That brought him to the Marlins. He signed a minor-league deal on Dec. 3, 2018, and quickly impressed in his lone season in the organization. Moran struck out 77 batters and held opponents to a .207 batting average over 60 innings with the Triple A New Orleans Baby Cakes.
He was nearly untouchable against left-handed hitters, holding them to a .086 batting average and striking them out out 43.8 percent of the time (32 of 73).
That brought him to his first chance to step on the mound as a big leaguer. That brought him to Thursday.
“There’s a certain element of it being meant to be or whatever you want to call it,” Moran said. “It’s been everything and more.”
Moran knew the scenario could unfold this way. The Marlins called up the 30-year-old left-handed pitcher on Tuesday ahead of their three-game road series against the Pirates.
Marlins manager Don Mattingly told him if the game played out right, if the situation arose, the Moran-Moran matchup would happen.
After two days of waiting — which Moran admitted is “never good” — possibility became reality in the fourth inning Thursday.
The Marlins trailed 5-2 heading into the fourth. Mattingly pinch-hit for Elieser Hernandez in the top of the inning after the starter gave up five runs in a rough first inning.
The Pirates had a string of four hitters who were either lefties or switch hitters due up to hit in the home half of the . inning — Colin Moran second among that group.
“It was just the right spot in the game,” Mattingly said. “It worked out.”
The quick out against Reynolds calmed Moran’s nerves. When Colin Moran — a former Marlins’ first-round pick — stepped up to the plate, there was no holding back.
It brought back recollections of their days playing wiffle ball in the backyard, which was the last time they had faced each other before Thursday.
“It was harsh. It was ugly,” mom Diane said of the backyard battles. “It was very intense between the two of them.”
Their first big-league meeting was no different.
A seven-pitch battle ensued.
Moran fell behind 0-2 after a pair of change-ups missed the strike zone. Colin Moran fouled off a curveball and then took a slider inside to go ahead 3-1 in the count.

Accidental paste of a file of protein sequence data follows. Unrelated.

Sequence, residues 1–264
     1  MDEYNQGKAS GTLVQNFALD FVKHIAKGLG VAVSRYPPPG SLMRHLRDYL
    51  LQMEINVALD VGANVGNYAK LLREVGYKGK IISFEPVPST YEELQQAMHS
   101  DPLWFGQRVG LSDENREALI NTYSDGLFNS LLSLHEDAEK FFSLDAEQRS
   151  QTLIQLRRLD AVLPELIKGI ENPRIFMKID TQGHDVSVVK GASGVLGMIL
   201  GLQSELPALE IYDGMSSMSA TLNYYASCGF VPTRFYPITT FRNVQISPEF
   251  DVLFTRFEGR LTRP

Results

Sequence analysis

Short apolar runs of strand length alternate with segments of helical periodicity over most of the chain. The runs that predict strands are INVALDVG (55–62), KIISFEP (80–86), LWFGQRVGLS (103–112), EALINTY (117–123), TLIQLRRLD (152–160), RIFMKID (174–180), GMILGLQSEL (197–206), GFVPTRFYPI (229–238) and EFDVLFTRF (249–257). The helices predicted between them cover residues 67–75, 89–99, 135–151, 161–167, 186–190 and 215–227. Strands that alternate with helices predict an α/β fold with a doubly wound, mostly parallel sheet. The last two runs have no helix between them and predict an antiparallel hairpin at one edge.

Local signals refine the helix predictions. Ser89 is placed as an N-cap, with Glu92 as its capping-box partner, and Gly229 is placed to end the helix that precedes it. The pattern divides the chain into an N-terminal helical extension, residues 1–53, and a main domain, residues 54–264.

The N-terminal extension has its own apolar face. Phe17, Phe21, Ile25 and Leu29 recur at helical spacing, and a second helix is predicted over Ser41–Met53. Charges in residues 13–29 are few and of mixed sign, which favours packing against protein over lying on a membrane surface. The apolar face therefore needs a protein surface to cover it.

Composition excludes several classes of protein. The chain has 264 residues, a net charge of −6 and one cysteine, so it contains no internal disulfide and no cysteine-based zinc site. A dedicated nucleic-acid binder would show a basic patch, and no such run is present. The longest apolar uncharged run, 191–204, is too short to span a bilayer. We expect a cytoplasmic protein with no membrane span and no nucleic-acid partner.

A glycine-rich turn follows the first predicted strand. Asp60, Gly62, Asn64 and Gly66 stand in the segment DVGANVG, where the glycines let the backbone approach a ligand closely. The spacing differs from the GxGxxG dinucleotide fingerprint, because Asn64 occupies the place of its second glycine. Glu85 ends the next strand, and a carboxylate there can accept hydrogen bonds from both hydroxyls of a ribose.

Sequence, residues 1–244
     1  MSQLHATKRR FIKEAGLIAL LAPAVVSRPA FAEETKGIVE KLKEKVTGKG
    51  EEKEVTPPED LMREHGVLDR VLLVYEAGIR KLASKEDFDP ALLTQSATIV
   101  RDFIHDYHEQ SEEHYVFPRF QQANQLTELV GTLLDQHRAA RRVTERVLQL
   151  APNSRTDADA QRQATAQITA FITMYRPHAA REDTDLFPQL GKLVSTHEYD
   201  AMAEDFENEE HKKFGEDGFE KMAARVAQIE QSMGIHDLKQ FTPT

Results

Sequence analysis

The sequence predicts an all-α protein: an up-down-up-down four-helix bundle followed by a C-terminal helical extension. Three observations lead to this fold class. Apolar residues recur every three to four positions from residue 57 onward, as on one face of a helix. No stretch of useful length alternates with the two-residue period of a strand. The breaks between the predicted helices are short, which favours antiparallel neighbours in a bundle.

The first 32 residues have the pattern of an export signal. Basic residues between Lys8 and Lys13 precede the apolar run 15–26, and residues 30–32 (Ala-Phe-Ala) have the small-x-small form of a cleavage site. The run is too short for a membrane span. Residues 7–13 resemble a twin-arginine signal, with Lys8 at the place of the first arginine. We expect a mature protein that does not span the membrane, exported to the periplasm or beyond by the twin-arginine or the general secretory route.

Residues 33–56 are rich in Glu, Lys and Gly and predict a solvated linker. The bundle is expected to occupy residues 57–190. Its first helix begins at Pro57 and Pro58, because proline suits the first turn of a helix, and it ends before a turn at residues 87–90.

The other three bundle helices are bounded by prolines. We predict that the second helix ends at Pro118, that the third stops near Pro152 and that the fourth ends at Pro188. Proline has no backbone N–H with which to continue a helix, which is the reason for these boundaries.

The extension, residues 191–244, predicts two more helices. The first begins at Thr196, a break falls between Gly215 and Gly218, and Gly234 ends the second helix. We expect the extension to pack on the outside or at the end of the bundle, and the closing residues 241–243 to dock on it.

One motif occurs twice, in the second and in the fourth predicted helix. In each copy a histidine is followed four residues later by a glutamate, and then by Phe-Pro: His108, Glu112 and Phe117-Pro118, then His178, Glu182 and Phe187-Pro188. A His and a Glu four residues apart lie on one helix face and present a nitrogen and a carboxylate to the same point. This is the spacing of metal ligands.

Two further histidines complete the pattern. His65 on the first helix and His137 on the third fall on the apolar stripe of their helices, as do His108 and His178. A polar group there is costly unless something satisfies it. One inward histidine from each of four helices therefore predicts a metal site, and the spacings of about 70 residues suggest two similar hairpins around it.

“It was a wild moment,” Bill Moran, their dad, said on the television broadcast. “I couldn’t believe it.”
Colin Moran fouled off a second slider, this one high in the zone, to bring the count full. Moran had his little brother where he wanted him.
The plan: A third slider, hopefully dropping barely inside the strikezone. It’s an effective pitch for him.
But if it missed, he ran the possibility of looking like he was avoiding the battle.
“High-risk, high-reward,” Moran said.
It paid off. The slider sat just inside the strike zone. Called Strike 3.
“I can’t dream up a cooler way to get your first strikeout,” Moran said.
Little brother could only look back and smile as he walked back to the dugout.
“He’s been my inspiration my whole life,” Colin told reporters after the game. “He’s never given up. That’s kind of been the theme of his career. I would’ve given up, probably. A lesser man would have given up with the road he’s had to go through.”
He’s not sure what he plans to do with the ball he used to strike out his brother just yet.
But Moran does have an idea or two about conservation starters the next time the family is together for the holidays.
“I don’t think either of us is one to rub it in,” Moran said, “but I’m sure I’ll mention it once or twice before then.”
It’s a debut he won’t forget any time soon.
“It was worth the wait,” Moran said, “because that was about as cool as it gets.”